High Court upholds KUHS order of debarring 3 medicos for impersonation in MBBS exam
Kochi: Holding the medicos guilty of impersonation, the Kerala High Court has recently upheld the Kerala University of Health Sciences' decision of debarring them from appearing in the MBBS examination for five years.Such a decision was taken by the HC bench comprising of Justice Raja Vijayaraghavan as it opined that it was hard to conclude that the medicos had nothing to with...
Kochi: Holding the medicos guilty of impersonation, the Kerala High Court has recently upheld the Kerala University of Health Sciences' decision of debarring them from appearing in the MBBS examination for five years.
Such a decision was taken by the HC bench comprising of Justice Raja Vijayaraghavan as it opined that it was hard to conclude that the medicos had nothing to with the manipulation carried out or that they had been made scapegoats. In fact, on the other hand, their role to somehow pass the exam was clearly evident, the bench opined as per The Hindu.
Apart from debarring the medicos, the University had ordered a detailed inquiry into the matter and had also suspended the Chief Examination Superintendent along with three women invigilators.
The matter came to light after the three students secured 95 per cent marks in the exams held in January this year, which was suspicious as the medicos had earlier failed to clear the exams and could not complete the course even after nine years.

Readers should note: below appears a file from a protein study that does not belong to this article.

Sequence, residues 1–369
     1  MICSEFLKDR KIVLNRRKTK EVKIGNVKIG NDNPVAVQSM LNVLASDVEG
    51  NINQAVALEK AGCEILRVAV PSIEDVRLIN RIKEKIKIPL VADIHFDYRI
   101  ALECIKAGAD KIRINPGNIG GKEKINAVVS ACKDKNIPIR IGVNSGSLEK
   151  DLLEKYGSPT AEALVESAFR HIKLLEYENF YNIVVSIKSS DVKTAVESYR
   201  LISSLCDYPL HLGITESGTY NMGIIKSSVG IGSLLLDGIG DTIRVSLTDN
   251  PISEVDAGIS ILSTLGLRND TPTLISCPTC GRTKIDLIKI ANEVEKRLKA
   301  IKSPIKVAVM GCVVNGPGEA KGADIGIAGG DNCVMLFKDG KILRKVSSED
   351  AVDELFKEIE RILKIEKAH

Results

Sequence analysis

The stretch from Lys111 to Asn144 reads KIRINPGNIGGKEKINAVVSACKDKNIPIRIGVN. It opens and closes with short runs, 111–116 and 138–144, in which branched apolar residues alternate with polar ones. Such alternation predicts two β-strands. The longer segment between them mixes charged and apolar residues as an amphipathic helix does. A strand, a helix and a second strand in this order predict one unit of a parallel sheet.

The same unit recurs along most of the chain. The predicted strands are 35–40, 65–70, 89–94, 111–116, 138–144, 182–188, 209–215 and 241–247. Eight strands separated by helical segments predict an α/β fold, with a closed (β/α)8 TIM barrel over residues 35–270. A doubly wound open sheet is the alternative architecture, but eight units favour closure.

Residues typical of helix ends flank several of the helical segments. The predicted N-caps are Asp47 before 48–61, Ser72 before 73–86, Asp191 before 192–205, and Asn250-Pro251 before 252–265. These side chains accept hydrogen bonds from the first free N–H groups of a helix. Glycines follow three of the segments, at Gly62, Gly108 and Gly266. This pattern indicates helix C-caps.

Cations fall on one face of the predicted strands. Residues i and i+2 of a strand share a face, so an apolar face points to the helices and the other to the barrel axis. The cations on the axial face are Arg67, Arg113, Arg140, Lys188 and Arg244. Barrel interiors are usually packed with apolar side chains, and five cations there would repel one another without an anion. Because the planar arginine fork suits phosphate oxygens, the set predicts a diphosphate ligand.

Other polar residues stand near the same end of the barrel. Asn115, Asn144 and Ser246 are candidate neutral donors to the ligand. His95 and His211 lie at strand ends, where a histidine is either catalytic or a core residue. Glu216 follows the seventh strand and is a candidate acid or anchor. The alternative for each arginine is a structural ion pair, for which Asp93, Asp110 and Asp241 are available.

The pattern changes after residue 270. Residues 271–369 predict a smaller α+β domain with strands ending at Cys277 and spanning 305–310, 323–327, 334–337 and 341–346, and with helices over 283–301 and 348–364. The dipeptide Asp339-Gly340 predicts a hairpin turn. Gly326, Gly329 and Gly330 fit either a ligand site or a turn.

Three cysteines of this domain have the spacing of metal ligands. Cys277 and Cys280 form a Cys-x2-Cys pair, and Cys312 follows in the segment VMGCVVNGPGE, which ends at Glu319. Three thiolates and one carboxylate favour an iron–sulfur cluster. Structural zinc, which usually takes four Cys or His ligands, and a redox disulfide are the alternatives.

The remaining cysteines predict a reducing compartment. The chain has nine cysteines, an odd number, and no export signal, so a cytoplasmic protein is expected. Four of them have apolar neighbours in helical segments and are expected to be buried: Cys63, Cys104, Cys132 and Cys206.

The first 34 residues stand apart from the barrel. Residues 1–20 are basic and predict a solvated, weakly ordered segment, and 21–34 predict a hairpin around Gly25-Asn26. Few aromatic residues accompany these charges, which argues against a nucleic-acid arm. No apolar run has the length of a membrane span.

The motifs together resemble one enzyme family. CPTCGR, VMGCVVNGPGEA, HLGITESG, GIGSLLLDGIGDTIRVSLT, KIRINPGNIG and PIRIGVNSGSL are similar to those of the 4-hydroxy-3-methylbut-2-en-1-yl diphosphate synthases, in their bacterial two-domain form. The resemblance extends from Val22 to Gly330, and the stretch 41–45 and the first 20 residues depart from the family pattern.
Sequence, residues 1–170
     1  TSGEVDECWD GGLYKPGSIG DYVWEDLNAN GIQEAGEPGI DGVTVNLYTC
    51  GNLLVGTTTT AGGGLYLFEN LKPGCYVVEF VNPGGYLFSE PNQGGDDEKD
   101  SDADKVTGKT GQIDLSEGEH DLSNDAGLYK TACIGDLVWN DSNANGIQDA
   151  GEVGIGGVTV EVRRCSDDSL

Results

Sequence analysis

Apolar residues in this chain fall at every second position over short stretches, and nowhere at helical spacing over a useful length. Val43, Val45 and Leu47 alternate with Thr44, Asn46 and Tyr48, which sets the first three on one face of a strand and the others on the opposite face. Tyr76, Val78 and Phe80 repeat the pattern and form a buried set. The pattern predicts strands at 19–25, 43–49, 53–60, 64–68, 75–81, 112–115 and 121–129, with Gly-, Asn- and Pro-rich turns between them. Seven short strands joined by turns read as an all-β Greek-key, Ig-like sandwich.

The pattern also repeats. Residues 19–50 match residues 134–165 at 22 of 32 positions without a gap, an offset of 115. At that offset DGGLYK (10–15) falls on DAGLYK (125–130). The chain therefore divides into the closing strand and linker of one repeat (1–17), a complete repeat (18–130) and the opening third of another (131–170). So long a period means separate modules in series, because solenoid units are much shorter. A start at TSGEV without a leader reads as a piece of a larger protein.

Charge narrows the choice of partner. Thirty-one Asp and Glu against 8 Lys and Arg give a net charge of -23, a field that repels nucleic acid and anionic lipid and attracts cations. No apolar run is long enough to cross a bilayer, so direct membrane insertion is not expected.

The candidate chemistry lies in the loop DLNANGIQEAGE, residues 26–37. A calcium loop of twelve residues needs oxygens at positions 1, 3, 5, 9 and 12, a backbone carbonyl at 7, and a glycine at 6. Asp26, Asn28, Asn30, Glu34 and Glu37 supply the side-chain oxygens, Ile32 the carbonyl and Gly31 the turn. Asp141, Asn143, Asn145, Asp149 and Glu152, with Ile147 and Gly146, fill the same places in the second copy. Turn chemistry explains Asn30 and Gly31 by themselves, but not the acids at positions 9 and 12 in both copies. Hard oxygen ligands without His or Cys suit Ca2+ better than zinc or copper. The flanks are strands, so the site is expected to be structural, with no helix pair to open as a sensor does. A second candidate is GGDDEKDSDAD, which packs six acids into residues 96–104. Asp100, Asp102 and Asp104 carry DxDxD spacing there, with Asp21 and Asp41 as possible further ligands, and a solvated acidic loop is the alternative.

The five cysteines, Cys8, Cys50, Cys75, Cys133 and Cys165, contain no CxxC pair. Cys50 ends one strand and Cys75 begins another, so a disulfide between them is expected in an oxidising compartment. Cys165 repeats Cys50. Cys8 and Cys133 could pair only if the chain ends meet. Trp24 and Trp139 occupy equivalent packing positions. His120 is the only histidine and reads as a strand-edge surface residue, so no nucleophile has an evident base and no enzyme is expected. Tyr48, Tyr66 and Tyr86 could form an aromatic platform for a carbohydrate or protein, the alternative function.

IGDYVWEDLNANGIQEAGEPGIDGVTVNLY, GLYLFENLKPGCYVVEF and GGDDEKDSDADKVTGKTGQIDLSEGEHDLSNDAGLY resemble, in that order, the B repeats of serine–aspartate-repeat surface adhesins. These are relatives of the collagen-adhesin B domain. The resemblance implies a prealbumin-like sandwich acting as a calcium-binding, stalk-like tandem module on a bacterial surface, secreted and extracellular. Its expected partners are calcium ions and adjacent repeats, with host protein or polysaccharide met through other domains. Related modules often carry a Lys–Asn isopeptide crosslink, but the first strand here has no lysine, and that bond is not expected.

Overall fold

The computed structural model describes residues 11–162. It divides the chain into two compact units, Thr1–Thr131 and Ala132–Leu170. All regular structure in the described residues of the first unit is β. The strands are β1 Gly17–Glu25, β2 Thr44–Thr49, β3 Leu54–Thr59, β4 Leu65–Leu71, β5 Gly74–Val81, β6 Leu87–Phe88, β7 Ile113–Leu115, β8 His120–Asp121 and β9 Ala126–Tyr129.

Suspicion grew as in the answer sheets of these students there were variations in the registration serial number. Consequently, the college and the University decided to probe further and they found that the handwriting did not match with their previous answer sheets. The authorities also found a mismatch in the barcodes on the registration number slip and the answer book.
However, the University did not find out exactly how the cheating was done but it reportedly suspected since the question paper was delivered online, the printout of the question paper and answer book were handed over to someone else, who wrote the exam. Later, the answer books were returned.
After the University debarred the medicos, they approached the High Court bench challenging the order. While appearing in the court, the University explained how the petitioners deliberately appeared late, and pretended as if they were writing the exam. Meanwhile, three others were writing the exam in somewhere else in the college.
As per the latest media report by The Hindu, while considering the pleas, the HC bench referred to the manner in which the medicos kept changing their version at various stages of the inquiry and also the letters disclosing the role played by them. The court opined that all of this were testimony to how the medicos committed the grave fraud for undermining the entire system.
In fact, the bench also noted that the probe initiated by the college had also revealed the allegations against the persons responsible for the malpractice.
Although the court agreed that there was no material for suggesting that someone else had entered the examination hall and wrote the examination pretending to be the petitioner students, it opined that the in reality the booklets had been smuggled out of the examination hall with the help of the chief superintendent, invigilators, and IT staff.
Following this, three other persons, sitting in other part of the college, wrote the answers as dictated by some experts directly from the authoritative textbook and those were sent to the University.
Finally, upholding the decision of KUHS in debarring those three medicos, the HC bench also directed the police to conduct a fair investigation for bringing the truth out, adds Onmanorama. The court also advised the police not to get influenced by the judgment.